North Myrtle Beach/Little River – September 12, 2019
Patrick, of Captain Smiley Fishing Charters, reports that inshore surface water temperatures in the morning on the north end of the Grand Strand are around 84-85 degrees. There are massive schools of finger mullet in the Intracoastal Waterway and its tributaries, and bait-sized shrimp are also abundant.
Even though the harvest of flounder is closed in North Carolina, the flounder fishing has actually been really good along the north end of the Grand Strand. A couple of miles offshore at the Caudle Reef, anglers have been catching them well, but inshore along the ICW has also been producing plenty of fish over 15”. The key to catching fish seems to be fishing in places where there is an abundance of mullet and current, be that on the flats, around grass, etc. Tide does not seem to make a huge difference, as long as mullet and current are present. Both finger mullet and Gulp baits are working well.
Fishing for red drum has also been really good. Out at the jetties, as well as in the backwaters, they are catching plenty of redfish on the right tides. On lower stages of the tide, the fish can be seen chasing mullet and gorging on them. Big reds in the 30+” range are also starting to show up at the jetties, and they will take cut bait or live mullet.
There has been some good trout fishing at the jetties, and the best time to catch the specks has been on the falling tide. Live shrimp fished on a split shot rig or under a floating cork are the best tactics.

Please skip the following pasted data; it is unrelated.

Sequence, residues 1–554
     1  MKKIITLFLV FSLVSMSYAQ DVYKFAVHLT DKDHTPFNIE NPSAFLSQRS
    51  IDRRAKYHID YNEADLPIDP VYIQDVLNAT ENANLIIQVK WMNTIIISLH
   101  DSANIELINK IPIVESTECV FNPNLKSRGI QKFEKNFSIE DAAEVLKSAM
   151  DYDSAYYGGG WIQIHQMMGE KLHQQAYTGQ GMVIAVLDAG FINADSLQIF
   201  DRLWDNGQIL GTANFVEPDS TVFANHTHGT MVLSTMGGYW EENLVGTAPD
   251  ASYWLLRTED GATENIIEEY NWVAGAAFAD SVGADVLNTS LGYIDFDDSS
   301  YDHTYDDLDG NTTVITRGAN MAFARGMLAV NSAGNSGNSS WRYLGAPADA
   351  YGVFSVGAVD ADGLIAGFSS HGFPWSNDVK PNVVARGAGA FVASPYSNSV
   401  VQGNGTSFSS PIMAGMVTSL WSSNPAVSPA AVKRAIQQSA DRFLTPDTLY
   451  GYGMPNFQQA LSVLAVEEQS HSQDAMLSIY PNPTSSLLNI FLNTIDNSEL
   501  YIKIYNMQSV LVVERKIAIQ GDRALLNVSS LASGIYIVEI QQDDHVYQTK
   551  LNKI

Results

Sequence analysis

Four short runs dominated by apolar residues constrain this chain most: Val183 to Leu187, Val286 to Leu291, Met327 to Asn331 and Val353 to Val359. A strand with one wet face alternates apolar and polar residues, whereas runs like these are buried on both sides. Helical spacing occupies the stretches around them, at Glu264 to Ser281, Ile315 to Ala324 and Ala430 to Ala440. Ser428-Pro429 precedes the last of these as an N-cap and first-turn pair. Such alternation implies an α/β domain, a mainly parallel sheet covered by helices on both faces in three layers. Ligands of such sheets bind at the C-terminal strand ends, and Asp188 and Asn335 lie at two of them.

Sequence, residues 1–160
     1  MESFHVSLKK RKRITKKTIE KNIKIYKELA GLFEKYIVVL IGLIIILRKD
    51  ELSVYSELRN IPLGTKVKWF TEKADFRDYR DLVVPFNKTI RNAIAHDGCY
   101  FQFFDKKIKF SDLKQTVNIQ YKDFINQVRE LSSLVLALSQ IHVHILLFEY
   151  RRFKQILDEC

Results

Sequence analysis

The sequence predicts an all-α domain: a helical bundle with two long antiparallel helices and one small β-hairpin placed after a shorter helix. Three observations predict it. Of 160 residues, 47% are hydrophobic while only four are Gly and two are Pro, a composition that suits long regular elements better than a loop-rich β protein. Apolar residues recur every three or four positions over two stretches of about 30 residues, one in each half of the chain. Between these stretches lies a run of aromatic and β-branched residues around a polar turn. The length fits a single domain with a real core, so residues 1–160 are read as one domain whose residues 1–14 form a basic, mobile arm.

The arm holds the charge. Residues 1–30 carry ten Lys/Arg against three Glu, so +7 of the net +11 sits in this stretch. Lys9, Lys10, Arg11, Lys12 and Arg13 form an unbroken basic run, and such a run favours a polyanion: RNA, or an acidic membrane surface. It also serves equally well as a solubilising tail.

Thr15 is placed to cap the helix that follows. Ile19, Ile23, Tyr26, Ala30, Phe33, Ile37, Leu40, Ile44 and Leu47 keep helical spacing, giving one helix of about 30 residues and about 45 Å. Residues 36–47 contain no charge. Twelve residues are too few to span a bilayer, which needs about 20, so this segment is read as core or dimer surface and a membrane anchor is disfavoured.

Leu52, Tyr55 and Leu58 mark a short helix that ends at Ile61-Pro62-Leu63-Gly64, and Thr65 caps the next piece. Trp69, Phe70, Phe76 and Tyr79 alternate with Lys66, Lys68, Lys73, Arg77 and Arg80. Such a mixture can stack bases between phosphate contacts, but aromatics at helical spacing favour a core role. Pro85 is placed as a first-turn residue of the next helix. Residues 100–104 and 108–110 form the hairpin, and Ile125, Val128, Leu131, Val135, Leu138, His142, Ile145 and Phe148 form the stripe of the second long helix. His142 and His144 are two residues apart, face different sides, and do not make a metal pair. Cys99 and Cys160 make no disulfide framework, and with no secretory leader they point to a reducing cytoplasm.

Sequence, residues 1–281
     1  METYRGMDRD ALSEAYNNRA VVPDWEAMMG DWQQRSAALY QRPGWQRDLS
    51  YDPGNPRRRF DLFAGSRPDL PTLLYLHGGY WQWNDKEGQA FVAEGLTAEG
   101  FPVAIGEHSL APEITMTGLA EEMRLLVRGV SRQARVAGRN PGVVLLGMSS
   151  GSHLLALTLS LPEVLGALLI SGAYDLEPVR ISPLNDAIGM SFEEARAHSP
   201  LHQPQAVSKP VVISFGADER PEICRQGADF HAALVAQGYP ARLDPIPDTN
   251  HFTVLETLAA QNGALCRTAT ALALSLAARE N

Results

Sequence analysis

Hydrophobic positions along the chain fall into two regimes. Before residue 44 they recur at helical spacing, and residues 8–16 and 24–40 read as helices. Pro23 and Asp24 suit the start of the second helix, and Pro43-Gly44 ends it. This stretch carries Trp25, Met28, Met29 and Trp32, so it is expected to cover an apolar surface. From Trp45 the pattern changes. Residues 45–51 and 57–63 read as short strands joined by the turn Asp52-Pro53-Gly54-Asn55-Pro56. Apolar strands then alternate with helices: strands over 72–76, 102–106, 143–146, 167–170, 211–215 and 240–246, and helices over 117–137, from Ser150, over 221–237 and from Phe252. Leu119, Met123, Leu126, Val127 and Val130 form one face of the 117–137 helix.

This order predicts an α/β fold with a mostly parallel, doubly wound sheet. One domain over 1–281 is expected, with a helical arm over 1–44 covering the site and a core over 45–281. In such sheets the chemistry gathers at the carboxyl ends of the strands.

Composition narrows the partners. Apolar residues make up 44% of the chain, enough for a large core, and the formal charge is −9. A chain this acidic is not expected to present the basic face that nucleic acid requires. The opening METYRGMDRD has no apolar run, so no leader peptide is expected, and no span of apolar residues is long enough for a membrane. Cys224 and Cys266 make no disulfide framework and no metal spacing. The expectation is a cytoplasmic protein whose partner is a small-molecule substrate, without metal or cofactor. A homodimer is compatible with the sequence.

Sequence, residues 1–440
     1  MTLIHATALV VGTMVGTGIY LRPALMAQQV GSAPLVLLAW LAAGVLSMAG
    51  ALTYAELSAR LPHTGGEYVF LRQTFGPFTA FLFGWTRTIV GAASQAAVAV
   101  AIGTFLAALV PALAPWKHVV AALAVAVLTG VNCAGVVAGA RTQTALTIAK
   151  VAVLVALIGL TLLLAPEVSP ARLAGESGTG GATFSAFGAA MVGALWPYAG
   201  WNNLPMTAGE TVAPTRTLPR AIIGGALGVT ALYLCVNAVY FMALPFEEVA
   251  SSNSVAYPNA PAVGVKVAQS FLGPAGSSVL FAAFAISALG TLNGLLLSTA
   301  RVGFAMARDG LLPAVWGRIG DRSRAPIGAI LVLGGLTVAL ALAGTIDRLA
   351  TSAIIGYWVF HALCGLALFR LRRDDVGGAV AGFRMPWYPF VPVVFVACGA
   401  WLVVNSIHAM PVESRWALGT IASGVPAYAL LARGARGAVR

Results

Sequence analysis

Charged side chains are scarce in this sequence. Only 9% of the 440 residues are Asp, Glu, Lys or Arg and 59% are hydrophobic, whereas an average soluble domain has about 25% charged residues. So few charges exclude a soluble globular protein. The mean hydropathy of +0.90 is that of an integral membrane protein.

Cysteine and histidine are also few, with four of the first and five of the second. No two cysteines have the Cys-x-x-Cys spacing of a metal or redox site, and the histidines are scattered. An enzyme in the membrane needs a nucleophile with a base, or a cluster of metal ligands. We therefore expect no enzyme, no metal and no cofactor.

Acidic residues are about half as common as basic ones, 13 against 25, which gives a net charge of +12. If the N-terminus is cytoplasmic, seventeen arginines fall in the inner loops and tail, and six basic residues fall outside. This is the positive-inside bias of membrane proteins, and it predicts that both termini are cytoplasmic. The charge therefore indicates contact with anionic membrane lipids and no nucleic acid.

Some good spanish mackerel are also being caught out at the jetties by free-lining live mullet or throwing topwater plugs like MirrOlures or Zara Spooks.
In the Fort Randall area, black drum fishing has been good with shrimp on the bottom on a Carolina rig in 15-25’ of water. Moving tides have been best.
Bob, of Strange Magic Fishing Charters, reports that the bite is starting to pick up with the days getting progressively shorter. The good days are becoming more consistent, with the not so good days dwindling. All the inshore species are firing up, including black drum hitting on live and fresh shrimp. Look for shelly areas and deeper creek holes, especially ones with marsh drains nearby.
Docks and other such areas will hold both black and red drum. Remember that a “machine gun” type of bite is probably a trash fish, with a longer, more methodical bite a drum. Try to avoid the pinfish/croaker crew by moving your bait a few reel turns when you feel the wrong type of bite.
Trout are hitting topwaters (early in the morning), as well as live minnows and Gulp baits pinned to jig heads. The key to finding the trout is to keep on the move, and when you do find a productive place, move on when the bite cools. The fish haven’t stopped biting—they’ve just moved.
Flounder are being caught with live minnows and Gulp soft plastics, with white, chartreuse, and pink all working. Try jigging around the same areas where you trout fish.
Larry, of Voyager Fishing Charters, reports that in the calm before the storm, half-day trips have been providing anglers with a great opportunity to get in on the hot spanish mackerel bite right outside the inlet. There are also plenty of sharks in the same nearshore waters, which is good news for some and bad news for others.
Boats going 25 miles out are finding a plethora of big king mackerel and plenty of bonita. Pulling spoons and big ballyhoo is putting fish in the box.
The Gulf Stream is holding plenty of fish, and an overnight trip to the 50 mile range provided fantastic bottom fishing action. Beeliners, triggerfish, big porgies, amberjacks, and sizeable grouper were all coming over the rails, with squid and cigar minnows getting the most attention from the bottom dwellers.
Dylan, of Cherry Grove Pier, reports that spanish, bluefish, whiting, and croaker (all good sizes) are being caught. Spot are starting to show up, and at least one 30” red drum has been landed as well. The spanish are being caught on seven-hook jigs, while the bottom fish have been falling for standard bottom rigs with shrimp.